Malthus was right in rural America too?

In we looked at data from cities around the world. “Housing’s hidden crisis: Rural Americans struggle to pay rent” (CBS) says that a lot of Americans can’t afford housing even in thinly populated areas of the U.S.

Since there is plenty of land in rural areas, I’m wondering if high costs can be partly explained by high materials prices due to demand from a growing economy worldwide. The 25th percentile American worker can’t afford cement for a home foundation because a 75th percentile worker in China or Mexico has purchased the cement instead.


  • “Bay Area Housing Struggles Extend To Farm-Rich Salinas”: “Salinas families earn a median income of $69,000, while the region’s 90,000 farmworkers bring in far less. They face a median home price of nearly $550,000 and two-bedroom apartments costing roughly $1,800 a month, according to Zillow.”

24 thoughts on “Malthus was right in rural America too?

  1. Apparently Chinese competition for cement did not affect Stokton. tps:// . It is even cheaper in the mid-west. Why Maltus? It is so 1970th. Now it is global warming. Or Trump! Maybe Kavanaugh?

  2. AFAIK, cement, gravel, sand, bricks are produced locally because they are really heavy and really cheap. I.e. I bought a bag of gravel at Home Depot – turns out it was produced just 10 miles away from this Home Depot.

    Basically, the problem is not with the cost of materials.

    • What is exact threshold for Malthus becoming relevant in real estate? Today minimal single home building price of about $90/sq feet (~$140,000 /2,0000 sq ft or so) is 50% greater than nominal $ price of same 20 years ago in old $$. Just few year ago we still had housing downturn and subsidized wood from Canada and someone still could buy new house at price comparable to one 20 year ago. So Trump tax personal cuts, capital repatriating corporate tax cut and push to produce staple but important base items domestically along with incomes rising first time in 9 years and local housing regulations favoring prior home owners who do not want to upgrade trigger Malthus? I thought it was called economic conditions.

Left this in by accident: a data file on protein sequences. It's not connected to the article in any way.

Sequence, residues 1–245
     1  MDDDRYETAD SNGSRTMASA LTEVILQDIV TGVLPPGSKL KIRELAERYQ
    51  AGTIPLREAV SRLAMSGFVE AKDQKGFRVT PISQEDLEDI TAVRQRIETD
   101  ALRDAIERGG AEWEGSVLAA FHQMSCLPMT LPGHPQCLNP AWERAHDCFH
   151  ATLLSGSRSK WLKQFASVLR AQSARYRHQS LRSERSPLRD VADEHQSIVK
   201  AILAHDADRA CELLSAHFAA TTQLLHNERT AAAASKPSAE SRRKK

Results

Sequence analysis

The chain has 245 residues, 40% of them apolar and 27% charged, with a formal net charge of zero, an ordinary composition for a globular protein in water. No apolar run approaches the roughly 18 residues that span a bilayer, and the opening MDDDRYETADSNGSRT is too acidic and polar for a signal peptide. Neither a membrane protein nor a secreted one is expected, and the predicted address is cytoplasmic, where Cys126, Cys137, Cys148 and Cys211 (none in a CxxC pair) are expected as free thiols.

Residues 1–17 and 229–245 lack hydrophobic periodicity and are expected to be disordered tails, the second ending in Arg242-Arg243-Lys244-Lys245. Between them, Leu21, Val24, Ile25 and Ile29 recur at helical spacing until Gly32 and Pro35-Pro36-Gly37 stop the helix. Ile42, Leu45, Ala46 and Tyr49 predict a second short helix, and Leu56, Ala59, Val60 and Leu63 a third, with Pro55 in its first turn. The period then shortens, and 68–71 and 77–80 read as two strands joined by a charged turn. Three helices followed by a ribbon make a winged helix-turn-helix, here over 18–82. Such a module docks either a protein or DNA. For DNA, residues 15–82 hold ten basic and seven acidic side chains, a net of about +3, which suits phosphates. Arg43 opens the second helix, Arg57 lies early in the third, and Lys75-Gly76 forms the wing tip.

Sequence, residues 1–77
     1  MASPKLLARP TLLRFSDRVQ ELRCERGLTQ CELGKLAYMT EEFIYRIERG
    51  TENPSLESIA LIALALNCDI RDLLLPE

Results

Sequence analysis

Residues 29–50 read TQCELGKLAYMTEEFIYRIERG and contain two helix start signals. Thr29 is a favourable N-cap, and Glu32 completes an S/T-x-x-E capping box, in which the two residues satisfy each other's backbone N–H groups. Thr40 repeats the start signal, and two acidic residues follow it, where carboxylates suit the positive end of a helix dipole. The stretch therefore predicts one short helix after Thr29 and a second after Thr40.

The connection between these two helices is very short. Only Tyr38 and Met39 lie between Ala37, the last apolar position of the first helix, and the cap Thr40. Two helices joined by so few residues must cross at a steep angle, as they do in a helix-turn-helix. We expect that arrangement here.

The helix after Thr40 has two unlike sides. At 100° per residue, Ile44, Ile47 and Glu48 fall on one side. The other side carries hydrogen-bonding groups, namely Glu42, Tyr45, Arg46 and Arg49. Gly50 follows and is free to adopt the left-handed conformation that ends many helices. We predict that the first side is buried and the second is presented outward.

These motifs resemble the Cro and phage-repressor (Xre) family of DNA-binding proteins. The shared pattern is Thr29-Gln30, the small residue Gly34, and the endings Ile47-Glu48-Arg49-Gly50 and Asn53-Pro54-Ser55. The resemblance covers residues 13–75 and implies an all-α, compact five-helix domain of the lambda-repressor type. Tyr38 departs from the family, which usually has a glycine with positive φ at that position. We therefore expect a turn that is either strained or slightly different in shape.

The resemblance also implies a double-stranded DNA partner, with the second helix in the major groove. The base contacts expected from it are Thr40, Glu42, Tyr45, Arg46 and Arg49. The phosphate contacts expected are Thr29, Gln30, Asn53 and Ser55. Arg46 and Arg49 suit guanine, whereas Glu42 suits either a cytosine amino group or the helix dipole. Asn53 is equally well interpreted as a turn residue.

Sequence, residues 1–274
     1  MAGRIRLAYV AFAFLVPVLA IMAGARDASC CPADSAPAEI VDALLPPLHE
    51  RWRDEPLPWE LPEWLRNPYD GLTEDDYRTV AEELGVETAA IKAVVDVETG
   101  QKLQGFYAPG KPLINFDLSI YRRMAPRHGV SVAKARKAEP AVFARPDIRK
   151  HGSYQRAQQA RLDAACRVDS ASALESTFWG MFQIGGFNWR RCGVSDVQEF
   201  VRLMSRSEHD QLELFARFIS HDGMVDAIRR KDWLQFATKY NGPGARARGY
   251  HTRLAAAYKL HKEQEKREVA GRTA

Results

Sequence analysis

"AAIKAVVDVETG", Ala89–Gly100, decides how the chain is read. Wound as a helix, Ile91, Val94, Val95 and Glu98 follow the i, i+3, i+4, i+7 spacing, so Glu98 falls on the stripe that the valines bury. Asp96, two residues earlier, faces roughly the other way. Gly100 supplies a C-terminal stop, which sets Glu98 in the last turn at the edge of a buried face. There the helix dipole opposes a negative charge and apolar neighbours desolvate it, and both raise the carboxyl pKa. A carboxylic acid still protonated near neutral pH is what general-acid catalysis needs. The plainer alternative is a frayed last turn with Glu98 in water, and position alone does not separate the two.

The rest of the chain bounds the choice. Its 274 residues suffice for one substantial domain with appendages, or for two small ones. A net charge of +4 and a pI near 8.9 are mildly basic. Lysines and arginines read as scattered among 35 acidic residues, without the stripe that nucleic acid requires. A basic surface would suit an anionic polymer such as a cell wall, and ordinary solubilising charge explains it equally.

3. How about building low cost housing out of high population density areas and moving the “homeless” there? On the savings, we could provide healthcare and adult education. China’s “zoned cities” are starting to look more and more appealing. Basically, you have to obtain a permit to work in, live in, or even visit the richest parts of Chinese cities. No crime and the riffraff is relegated to the suburbs or the country.

    • Cities have tried this. They would find some corner of the city in which real estate values were low because it was inconvenient to jobs, etc. Then they would build a huge housing project. Then, since it would be a two-hour round-trip commute every day to a job, nearly all of the residents of the project would rationally decide not to work. So the true cost of the project was the construction cost of the building plus a lifetime of free rent, free food, free health care, and free smartphones for most of the residents, children of the residents, and grandchildren of the residents.

      See for one example. It is a permanent beachfront welfare colony. Notice that nobody in is described as having a W-2 job (“ultimately uplifting attitude that decent housing is a human right and society has a duty to provide it” — but if it is a “human right” why do some people get nice free apartments for 40+ years while others are put on a waiting list for 10 years and get nothing during that time?).

    • It’s so very frustrating when Person A (probably a politician) says “we don’t have enough land/homes” for immigrants and Person B (probably a comedian/pundit) responds with “what about Detroit/Nevada/etc”. Because entire communities comprised of people with no assets are going to just build thriving cities here out of nothing but dreams. American citizens let Detroit fall apart – how are poor immigrants supposed to rebuild it?